As part of its programme to restore the bearded vulture across Europe, the VCF and its partners have been very busy releasing young bearded vultures, hatched in captivity within the bearded vulture captive breeding network coordinated by the VCF, in several sites across four mountain ranges – Alps, Massif Central, Corsica and Andalusia.
Following releases in Corsica (see here), in Andalusia (see here), in the Massif central (see here and in the Alps (see here), tomorrow Friday 3 June, two more birds will be released in a new site – this time in the Baronnies, in the extreme western pre-Alps, a crucial stepping point between the Massif Central and the alpine chain.
The birds will be presented to the public in a ceremony at the commune de VillePerdrix (see invitation) by Vautours en Baronnies, our local partner managing this new release site, and will then be taken to the platform high up in the mountains, where they will stay until they fledge naturally.
The birds to be released come from Andalusia and Austria. The female hatched in the Guadalentín specialised bearded vulture captive breeding center managed by the Junta de Andalucía, and is the second chick of a double clutch. Its father was the first ever chick hatched at Guadalentín in 2002. In 2013 the adult breeding pair started to give problems – the female started to react aggressively towards the male and the incubation was not successful. In 2015 it was decided to transfer this pair into an aviary with visual contact with other breeding pairs – immediately the female redirected her aggression against the neighbour pairs and the pair bred successfully again. The other chick from the pair has been released a few days ago in the Swiss Alps.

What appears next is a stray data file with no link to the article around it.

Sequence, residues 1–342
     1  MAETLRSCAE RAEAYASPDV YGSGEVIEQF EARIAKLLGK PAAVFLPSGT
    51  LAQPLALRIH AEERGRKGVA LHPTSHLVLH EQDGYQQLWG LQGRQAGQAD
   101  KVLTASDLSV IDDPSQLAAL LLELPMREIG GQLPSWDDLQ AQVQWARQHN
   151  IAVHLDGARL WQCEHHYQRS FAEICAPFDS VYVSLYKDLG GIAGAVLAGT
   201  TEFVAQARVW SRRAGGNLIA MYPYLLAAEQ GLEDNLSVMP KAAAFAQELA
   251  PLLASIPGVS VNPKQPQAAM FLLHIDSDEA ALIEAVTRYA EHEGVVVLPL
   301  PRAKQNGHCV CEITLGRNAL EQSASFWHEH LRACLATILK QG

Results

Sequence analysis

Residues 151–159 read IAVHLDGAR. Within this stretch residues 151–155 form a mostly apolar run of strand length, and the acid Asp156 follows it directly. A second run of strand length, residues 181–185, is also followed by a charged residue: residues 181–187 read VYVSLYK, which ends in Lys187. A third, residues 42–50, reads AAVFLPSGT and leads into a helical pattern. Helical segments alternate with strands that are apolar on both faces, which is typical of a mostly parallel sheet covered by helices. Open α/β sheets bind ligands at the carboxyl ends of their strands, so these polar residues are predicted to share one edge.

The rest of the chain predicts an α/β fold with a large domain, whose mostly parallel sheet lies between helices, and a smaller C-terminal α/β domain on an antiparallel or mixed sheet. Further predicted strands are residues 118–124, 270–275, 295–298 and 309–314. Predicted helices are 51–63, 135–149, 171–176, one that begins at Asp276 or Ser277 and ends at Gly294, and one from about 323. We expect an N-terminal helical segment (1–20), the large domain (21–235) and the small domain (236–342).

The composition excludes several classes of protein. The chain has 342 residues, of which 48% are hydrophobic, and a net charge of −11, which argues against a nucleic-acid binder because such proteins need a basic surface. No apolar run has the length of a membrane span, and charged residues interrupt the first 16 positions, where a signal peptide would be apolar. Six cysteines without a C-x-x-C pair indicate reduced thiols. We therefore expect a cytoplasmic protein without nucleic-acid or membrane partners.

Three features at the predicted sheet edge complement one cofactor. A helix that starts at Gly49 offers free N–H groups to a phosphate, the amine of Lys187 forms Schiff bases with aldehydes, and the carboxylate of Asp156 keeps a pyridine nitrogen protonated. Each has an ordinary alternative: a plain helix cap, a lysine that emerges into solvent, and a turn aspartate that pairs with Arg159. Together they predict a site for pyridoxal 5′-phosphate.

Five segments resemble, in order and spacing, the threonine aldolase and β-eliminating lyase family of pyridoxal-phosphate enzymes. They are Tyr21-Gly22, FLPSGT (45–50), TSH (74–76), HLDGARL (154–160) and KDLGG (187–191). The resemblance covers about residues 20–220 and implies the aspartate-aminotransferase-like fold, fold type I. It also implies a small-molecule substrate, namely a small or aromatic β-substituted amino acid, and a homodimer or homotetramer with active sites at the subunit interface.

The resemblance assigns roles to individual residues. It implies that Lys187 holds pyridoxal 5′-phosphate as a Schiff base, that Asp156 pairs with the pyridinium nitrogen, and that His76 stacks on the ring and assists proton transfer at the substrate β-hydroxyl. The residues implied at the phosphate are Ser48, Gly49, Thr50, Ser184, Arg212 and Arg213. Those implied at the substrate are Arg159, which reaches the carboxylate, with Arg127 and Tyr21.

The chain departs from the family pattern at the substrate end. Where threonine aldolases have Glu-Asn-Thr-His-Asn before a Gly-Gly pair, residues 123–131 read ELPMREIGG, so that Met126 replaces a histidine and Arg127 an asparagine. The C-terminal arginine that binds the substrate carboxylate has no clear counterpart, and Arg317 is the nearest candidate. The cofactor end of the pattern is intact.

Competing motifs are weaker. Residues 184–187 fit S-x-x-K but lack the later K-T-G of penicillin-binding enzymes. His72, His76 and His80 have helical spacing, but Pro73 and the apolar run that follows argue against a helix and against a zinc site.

The male comes from the Richard Faust bearded vulture captive breeding center in Austria, co-managed by the VCF. Is the second chick from the oldest pair in this center, and currently the best reproductive breeding pair inside the EEP: since 1989 this pair hatched 37 hatchlings, of which 34 chicks survived, and 28 have been released. The older brother of this bird has also been released this year, in Andalusia. Being part of a double clutch, both chicks have hatched in the incubator and reared by a foster pair.
Baronnies is an important stepping stone between the Alps and the Pyrenees, and therefore will serve as the perfect corridor population for a pan European future gene flow. Griffon and black vulture populations have been restored there, so Vautours en Baronnies has now a solid track record and experience on vulture restoration projects. Further, some bearded vultures often use the area for prolonged periods of time – mostly come from the nearby Vercors. The current bearded vulture release is the first in the site, and happens within the framework of the LIFE GYPCONNECT project, an EU funded project that aims to enhance the establishment of the gene flow between the bearded vultures is the Alps and the Pyrenees. The LIFE GYPCONNECT is also co-funded by the MAVA foundation.
Bearded vultures take 9 or 10 years to start breeding, so we will have to wait a few more years for the next milestone in the project – the first nest in the wild at this site. In the meantime, the VCF, Vautours en Baronnies and other partners will continue to work together to re-establish this crucial population in the pre-Alps, within the LIFE GYPCONNECT project.
This article was first published by the Bearded Vulture Foundation 2 June 2017